U.S. application Ser. No. 14/067,205 filed Oct. 30, 2013, entitled “System and Method for Dynamic Analysis Wrapper Objects for Application Dataflow”, which is hereby incorporated herein by reference, teaches solving such copying challenges by creating tracking objects and a wrapper object that points to a data object, substituting the wrapper object for each instance when the original data object is referenced, and creating copies of the wrapper object whenever a copy of the original data object would have been required. This copying process works with singleton and mutable data objects because only the wrapper object is copied, as the actual data objects are not copied. The use of multiple wrapper objects pointing to a single data object maintains consistency between all of the wrapper objects and all of the subsequent indirect references to the original data object because there is only a single copy of the original data object. The resources needed to copy and store the wrapper objects are slim as a wrapper object has only two fields, a reference to the actual data object and a tracking object. Only a few bytes are needed to store the wrapper object with the tracking object, and copying is not a resource extensive process anymore.

However, this approach does not work when a tainted object is assigned as a field of an untainted object because the information recorded for the untainted object is not associated with the information recorded for the tainted object. For example, if the wrapper object for a tainted object is assigned as a field on a previously untainted data object, and a custom object is used to invoke a method, the information for invoking the method is not tied to the tainted object. A system cannot solve this problem by copying the wrapper object for the data object because the tainted object only affects one field of the data object, not all fields of the data object, whereas the wrapper object points to the object, which includes all fields of the object. Differentiating between fields in the data object would require the system to make copies of the data object itself, instead of making copies of the wrapper object for the data object, but making copies of data objects would reintroduce the aforementioned problems that the substitution of wrapper objects for data objects was used to solve. The consequence is that if a data object is used to invoke any methods and later a tainted object is retrieved as a field from the data object and passed to a data sink, the information for any method invocations may not be depicted in the application program dataflow.

U.S. application Ser. No. 14/067,247 filed Oct. 30, 2013, entitled “System and Method for Dynamic Analysis Tracking Object Associations for Application Dataflow”, which is hereby incorporated herein by reference, teaches associating a flow tracking object with another flow tracking object in response to a field retrieval of a copy of a wrapper object from another wrapper object and outputting the associated other flow tracking object as dynamic analysis of dataflow in the application program. For example, the system responds to a field retrieval of the copy of a tainted wrapper object retrieved from a custom object by setting the pointer in the tracking object embedded in the copy of the tainted wrapper object to point to the tracking object embedded in the wrapper object for the custom object, and outputting a sink tracking object as a first node in a graph, the flow tracking object as a second node in the graph, the associated other flow tracking object as a third node in the graph, and the sink tracking object as a fourth node in the graph, with the second node linked to the first node, the third node linked to the second node, and the fourth node linked to the third node to depict the dataflow sequence of the graph. The graph and its associated information depict not only the data source and the data sink, but also depict the dataflow through the application program, which enables the identification of any tracking event as an additional vulnerability.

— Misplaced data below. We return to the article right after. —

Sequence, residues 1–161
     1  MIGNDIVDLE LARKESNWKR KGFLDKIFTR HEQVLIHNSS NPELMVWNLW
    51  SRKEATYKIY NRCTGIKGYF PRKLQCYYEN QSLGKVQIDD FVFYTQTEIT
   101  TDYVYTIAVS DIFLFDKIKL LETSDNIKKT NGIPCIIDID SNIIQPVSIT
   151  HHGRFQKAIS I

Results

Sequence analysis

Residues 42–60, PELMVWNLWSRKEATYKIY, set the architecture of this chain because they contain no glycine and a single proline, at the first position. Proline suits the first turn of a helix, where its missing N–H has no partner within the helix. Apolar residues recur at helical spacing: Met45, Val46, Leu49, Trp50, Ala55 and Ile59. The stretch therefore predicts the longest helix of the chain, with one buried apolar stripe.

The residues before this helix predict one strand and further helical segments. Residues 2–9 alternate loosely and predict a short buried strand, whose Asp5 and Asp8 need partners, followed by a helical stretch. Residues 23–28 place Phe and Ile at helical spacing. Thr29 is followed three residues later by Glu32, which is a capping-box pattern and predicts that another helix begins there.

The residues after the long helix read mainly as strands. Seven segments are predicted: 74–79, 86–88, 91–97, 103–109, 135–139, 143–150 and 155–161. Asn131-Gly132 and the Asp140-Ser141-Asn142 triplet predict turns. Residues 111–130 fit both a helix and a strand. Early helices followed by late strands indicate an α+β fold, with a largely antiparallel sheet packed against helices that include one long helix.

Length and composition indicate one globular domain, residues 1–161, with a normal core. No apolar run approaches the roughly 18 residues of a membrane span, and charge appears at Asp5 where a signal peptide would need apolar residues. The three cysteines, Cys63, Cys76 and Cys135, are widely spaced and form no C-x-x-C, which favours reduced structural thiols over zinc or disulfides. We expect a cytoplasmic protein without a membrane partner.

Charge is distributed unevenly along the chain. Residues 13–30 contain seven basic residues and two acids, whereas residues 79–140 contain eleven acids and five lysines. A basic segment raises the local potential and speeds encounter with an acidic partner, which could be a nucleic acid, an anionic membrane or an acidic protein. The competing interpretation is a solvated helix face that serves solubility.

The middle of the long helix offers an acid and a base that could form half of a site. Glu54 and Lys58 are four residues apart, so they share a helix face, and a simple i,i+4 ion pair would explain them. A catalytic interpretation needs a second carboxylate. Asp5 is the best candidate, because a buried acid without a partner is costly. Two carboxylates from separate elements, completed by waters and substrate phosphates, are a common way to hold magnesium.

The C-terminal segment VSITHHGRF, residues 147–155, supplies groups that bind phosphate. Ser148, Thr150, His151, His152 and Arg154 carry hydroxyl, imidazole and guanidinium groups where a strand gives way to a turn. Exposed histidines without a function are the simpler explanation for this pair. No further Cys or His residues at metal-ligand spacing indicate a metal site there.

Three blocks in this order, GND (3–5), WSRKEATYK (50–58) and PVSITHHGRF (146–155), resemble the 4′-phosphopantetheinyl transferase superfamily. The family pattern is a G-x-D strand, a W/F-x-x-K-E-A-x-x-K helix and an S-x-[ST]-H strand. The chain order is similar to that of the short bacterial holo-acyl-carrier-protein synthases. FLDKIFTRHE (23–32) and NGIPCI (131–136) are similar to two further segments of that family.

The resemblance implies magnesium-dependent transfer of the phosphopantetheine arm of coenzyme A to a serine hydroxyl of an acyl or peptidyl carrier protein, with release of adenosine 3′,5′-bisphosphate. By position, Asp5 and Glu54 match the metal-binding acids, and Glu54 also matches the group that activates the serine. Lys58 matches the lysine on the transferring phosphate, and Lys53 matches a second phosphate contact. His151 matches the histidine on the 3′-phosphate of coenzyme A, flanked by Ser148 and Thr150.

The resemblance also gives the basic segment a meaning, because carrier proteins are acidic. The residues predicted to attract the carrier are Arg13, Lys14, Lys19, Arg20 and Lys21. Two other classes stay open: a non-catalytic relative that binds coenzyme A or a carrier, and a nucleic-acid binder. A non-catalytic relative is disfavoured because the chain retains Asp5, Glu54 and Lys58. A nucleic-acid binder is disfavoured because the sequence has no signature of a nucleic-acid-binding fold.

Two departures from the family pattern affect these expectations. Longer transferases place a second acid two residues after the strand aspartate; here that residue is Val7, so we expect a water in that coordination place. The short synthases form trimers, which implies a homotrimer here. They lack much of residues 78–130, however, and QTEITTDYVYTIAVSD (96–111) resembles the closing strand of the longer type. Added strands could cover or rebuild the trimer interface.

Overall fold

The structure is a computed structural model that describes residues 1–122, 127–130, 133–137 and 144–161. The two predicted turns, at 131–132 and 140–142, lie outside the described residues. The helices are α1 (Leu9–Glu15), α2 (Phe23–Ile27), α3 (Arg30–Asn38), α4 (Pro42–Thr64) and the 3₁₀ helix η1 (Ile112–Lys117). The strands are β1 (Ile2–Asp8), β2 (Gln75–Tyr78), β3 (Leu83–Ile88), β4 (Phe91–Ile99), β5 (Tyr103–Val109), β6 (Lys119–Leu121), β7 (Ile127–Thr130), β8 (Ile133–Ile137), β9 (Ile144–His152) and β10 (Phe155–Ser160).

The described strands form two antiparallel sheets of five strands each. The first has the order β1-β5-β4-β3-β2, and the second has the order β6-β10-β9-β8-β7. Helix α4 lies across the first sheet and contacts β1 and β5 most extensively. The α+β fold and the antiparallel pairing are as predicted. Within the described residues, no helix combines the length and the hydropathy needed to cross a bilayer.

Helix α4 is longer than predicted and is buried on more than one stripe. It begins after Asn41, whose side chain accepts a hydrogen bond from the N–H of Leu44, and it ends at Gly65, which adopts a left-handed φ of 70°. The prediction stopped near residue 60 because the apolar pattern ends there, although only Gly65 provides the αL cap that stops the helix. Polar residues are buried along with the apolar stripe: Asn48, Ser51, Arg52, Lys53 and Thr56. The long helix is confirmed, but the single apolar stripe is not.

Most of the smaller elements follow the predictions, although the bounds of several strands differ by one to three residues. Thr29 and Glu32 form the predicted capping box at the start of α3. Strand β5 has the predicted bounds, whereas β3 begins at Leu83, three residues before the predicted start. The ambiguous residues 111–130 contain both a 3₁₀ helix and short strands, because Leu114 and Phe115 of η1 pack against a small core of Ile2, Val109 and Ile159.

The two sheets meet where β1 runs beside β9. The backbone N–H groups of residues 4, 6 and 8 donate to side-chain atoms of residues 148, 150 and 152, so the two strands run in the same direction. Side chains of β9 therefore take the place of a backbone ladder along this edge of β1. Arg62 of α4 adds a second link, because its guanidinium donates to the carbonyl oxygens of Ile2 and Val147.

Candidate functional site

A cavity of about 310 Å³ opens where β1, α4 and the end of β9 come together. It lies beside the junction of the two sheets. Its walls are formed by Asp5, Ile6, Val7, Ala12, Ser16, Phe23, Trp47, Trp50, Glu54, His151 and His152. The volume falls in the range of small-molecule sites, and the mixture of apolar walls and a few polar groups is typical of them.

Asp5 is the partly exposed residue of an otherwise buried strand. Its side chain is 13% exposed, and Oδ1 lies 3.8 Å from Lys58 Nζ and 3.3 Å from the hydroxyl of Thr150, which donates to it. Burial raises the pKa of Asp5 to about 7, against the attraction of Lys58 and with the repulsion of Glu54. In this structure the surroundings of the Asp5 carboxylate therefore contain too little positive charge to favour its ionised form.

The dynamic analysis system changes the way that objects are represented in an application program to introduce tracking objects, wrapper objects, and tracking object associations, and to embed dataflow tracking logic into the application program. If the source code of the application program is available, the dynamic analysis system may modify the source code by embedding dataflow tracking logic, and replacing data objects with wrapper objects, but the dynamic analysis system may not have access to the source code of the application program. If the source code of the application program is available, the dynamic analysis system may modify the compiler to produce bytecode that includes dataflow tracking logic and replaces data objects with wrapper objects, but the dynamic analysis system may not have access to the source code of the application program.

The dynamic analysis system may inject bytecode into the application program to include dataflow tracking logic and replace data objects with wrapper objects. If constructed in a way that bypasses some interpreter checking, bytecode injection is compatible across all platforms interpreted by the same interpreter, and does not require the often unavailable source code. However, embedding logic directly in the interpreter is faster than embedding logic in the source code because no interpretation is needed for the embedded logic. Therefore, the dynamic analysis system modifies the interpreter directly so that the bytecode is interpreted in the way that the dynamic analysis system needs, such as replacing data objects with wrapper objects.